Mr Friday said...

I am sufficiently well-connected to the civil service to stand by all my previous comments.

Re - the comment about the HMRC being so efficient - you obviously missed this gem before xmas:

"...Level of tax credit fraud and error is a 'matter of shame'
Commons Public Accounts Committee criticises Revenue performance"


The level of fraud and error in the tax credit system is a 'matter of shame', the chair of the Commons Public Accounts Committee has said.

In evidence to the Committee yesterday Paul Gray, acting chairman of the Revenue, said his department had been hampered in its efforts to combat errors by lack of information. He told the committee of MPs that figures at his disposal relate to 2003/2004, the first year of tax credit operations, and that the Revenue will not publish figures for even the second year of operation until next spring.

Whilst Mr Gray said he regretted those cases where families were caused hardship, Edward Leigh, the Committee's chairman, said the Revenue's administration of the tax credits system is a disgrace. 'Surely it is a matter of shame that (the Revenue) is reporting to the chancellor, its master, with the worst levels of fraud and error and more than any department in Whitehall', he said.

Anonymous said...

Help, I've been conned by the government for several decades (like so many of us!!). Mr. Friday says I should have a non-contributary pension, but three per cent of my salary keeps disappearing under the heading of superannuation. To whom should I apply for a refund? Seriously though, at least I pay something for my pension, and I cannot claim all kinds of "expenses" for my income tax figures. There are plenty of people who don't pay a penny in tax or NI and still get the old age pension, and I don't mean those who are disabled, carers, bringing up a family at home or have some other valid reason for not paying. On the subject of carousel fraud, to be fair to the government (of whom I am not a great fan at the moment), I think you will find that the stumbling block to stopping this is in the EU rules for VAT payment, which allows these goods to disappear into the country, rather than being able to stop them at our frontier. Jammy Dodger - Birchington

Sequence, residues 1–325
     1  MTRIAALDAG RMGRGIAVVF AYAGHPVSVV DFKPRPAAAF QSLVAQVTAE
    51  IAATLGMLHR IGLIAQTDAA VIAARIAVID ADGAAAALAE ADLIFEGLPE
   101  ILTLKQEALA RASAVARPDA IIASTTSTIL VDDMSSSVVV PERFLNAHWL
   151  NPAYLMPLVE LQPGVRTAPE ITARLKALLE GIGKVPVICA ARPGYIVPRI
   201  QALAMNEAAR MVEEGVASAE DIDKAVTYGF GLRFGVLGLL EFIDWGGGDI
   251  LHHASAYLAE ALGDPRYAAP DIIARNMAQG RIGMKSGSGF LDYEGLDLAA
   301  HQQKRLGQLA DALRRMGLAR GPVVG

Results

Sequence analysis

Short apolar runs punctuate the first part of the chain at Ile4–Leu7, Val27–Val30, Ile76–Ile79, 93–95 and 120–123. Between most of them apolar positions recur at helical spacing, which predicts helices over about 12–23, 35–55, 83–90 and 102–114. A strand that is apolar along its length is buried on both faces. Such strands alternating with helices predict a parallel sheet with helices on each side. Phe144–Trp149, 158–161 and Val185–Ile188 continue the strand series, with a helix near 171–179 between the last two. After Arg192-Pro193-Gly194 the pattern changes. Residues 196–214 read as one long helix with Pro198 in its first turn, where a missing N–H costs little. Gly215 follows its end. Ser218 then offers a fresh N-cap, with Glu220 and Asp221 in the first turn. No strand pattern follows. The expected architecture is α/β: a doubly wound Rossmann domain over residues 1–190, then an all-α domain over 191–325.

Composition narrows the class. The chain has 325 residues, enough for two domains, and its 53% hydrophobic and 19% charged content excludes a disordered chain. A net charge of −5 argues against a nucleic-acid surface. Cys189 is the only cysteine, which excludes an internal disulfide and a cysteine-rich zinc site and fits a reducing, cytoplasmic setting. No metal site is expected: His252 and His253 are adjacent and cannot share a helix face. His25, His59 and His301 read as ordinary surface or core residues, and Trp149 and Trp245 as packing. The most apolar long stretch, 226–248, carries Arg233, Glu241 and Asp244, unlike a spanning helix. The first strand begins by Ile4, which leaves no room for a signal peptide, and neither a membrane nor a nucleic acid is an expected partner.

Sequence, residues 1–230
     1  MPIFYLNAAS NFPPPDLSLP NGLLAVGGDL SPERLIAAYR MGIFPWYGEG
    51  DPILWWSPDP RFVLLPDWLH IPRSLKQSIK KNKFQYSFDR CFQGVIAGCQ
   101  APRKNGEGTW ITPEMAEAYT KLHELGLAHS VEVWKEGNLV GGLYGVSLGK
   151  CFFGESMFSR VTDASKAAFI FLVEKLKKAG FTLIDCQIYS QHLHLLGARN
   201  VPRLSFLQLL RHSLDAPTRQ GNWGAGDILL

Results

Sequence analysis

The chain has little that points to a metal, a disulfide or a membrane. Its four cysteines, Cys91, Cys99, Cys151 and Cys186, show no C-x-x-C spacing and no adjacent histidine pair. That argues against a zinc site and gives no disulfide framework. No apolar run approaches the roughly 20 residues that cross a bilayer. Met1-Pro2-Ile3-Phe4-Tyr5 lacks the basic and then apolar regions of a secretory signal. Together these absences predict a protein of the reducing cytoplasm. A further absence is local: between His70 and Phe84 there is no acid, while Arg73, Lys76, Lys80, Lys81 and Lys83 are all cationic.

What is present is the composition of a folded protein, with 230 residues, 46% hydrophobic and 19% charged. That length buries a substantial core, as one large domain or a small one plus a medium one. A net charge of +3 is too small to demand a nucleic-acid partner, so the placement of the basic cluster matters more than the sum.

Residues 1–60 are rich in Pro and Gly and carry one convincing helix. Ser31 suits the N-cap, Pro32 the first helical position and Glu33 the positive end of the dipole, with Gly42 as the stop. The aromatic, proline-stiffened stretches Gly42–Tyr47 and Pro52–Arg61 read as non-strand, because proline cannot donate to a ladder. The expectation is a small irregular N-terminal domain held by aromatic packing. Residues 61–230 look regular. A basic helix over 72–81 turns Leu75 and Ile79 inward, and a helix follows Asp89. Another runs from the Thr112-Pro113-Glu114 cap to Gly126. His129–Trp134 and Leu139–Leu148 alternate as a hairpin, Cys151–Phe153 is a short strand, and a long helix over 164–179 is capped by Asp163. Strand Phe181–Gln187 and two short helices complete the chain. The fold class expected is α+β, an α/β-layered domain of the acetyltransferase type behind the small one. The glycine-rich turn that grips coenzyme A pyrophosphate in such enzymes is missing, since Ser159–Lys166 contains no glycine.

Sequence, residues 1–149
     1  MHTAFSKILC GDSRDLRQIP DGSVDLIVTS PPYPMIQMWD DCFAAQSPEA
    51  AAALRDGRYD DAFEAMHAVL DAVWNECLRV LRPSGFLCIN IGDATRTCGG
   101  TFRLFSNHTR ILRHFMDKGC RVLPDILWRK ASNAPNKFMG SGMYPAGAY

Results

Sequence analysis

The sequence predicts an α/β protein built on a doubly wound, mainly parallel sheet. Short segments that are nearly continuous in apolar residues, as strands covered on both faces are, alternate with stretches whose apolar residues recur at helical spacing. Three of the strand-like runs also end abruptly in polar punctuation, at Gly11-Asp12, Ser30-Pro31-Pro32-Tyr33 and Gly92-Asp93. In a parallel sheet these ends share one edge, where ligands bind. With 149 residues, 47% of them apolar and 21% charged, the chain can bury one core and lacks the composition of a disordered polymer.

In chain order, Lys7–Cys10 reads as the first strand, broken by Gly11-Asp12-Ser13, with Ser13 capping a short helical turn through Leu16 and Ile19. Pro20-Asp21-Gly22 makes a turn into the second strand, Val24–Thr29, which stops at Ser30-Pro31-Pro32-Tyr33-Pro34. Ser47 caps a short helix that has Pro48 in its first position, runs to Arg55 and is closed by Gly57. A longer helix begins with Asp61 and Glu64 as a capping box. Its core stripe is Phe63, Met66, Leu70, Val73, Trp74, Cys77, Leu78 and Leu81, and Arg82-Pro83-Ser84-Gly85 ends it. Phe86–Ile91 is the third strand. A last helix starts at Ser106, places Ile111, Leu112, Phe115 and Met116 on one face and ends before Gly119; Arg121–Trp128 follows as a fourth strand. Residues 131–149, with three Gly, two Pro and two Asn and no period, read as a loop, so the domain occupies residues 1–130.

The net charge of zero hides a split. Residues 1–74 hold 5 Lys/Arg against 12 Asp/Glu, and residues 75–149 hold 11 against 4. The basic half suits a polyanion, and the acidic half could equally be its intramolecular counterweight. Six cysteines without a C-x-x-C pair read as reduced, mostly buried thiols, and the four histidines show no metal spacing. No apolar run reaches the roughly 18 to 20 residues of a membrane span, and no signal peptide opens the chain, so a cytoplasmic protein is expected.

Mr Friday said...

That'll be the same pension that the government contributes up to 26% towards too then ?

Going back to Dr Moores' point, this is just not sustainable with the growth of the public sector. Not even that, even if it were sustainable I don't feel I am getting value for money as a taxpayer as the system is a shambles - and getting worse.

Anonymous said...

WoW1 Nowhere near their contribution to me. PLease tell me which department., I'll transfer immediately. Jammy Dodger - Birchingtom